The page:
|Ethan was the last baby delivered by Dr. Burke at Aspen Valley Hospital in 1992.|
I said the words aloud three times this weekend: “since Ethan died.”
Those words are like lead shot falling from my lips. They drop into my heart, cold and hard. I know he’s gone, but saying “he died” adds a strange permanence and flatness to the situation, a way of dragging me into reality.
Still, I know in my heart that his spirit is alive and soaring, that he’s not lost, he’s on another plane, having even greater adventures in whatever realm he now inhabits. He may be with my first dog, Abigail, lost when I was 14 (and all the pets who have gone since). He may be having a nightcap with Vanoy, the only “old lady” Ethan ever met he wasn’t afraid of. I’m sure he’s connecting with the ancestors who have gone before us, including his namesake we just discovered a few years ago, Alexander Ethan Turner (yeah, we had no idea about the name similarity until a couple years ago), direct from Drumquin, Ireland.
And he’s probably making new friends out there in the Ether because he never met a soul he didn’t like (unless they were dishonest, and then there was a problem). Who knows, maybe he really was part fairy (Drumquin does means “Fairy Water”) and his time visiting this earth was up. He did seem to have supernatural knowledge about things. Apparently, his fellow students referred to him as “the Wizard.”
I remember taking him to the grocery when he was still small enough to sit in the cart. I was heavily pregnant with his brother. I got dangerously dizzy. In a strangely adult voice, toddler Ethan looked at me with his startling blue-grey eyes, and said, “You need to sit down. Now.” I obeyed, without question. He had the voice of authority.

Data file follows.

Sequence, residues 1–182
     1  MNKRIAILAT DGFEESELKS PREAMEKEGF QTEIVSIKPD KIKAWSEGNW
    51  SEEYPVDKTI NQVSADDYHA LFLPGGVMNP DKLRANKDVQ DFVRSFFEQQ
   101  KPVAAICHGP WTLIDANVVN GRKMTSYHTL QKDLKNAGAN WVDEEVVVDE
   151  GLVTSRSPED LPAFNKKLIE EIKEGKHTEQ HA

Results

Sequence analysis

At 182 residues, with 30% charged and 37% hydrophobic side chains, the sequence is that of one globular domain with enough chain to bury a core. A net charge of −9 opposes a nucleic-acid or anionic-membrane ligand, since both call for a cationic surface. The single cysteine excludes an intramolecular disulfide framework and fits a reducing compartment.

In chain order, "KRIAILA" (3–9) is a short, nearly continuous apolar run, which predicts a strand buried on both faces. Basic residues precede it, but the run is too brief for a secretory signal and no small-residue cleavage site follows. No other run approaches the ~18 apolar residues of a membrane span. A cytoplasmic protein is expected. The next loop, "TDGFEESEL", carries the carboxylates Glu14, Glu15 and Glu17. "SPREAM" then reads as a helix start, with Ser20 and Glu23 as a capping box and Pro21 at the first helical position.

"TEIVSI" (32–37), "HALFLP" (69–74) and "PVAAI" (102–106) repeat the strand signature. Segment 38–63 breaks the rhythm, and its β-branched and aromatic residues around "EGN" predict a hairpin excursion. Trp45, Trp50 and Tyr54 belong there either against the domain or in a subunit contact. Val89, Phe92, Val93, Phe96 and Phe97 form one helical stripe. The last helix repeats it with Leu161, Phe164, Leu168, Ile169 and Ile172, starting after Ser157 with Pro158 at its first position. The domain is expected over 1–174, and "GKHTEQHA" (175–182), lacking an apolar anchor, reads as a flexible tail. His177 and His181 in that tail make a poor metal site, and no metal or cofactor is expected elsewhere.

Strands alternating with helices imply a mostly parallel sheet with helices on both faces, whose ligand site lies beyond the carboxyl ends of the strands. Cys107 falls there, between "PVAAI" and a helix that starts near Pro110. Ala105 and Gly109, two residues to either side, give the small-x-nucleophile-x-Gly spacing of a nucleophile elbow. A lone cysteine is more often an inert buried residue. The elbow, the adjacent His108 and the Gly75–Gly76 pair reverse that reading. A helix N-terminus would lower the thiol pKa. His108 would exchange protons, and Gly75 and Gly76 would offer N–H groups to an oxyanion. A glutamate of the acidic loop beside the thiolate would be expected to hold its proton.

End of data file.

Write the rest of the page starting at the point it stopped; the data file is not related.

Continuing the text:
Whenever other people’s safety was involved, Ethan was the voice of reason and wisdom, whether in the city or the wilderness. You never had to be afraid if Ethan was with you on an adventure, whether hiking the Flat Tops, navigating the Manhattan public transportation system or partying in Phoenix. Ethan could be trusted to take care of those who were with him at all times: no judgment, no condemnation.
He just couldn’t be trusted to take care of himself.
The shock of his death will eventually pass and, like any wound, will leave painful scar tissue as an unpleasant reminder of his loss. A moment, a nanosecond at a time, adaptation will occur. Life on the other side will not be the same, because we are forever altered, and what has changed cannot be restored.
It may be politically incorrect, but there’s a difference between losing a spouse and losing a child. You can get a new spouse if you want one (although that’s not a requirement nor should it be an expectation). Children, however, are irreplaceable. Regardless, life is different now. Thanksgiving and Christmas and the birthday calendar will never be the same. Our family dynamics are forever changed.
And yet, this too shall pass. We have to live in the “now” if we are to survive.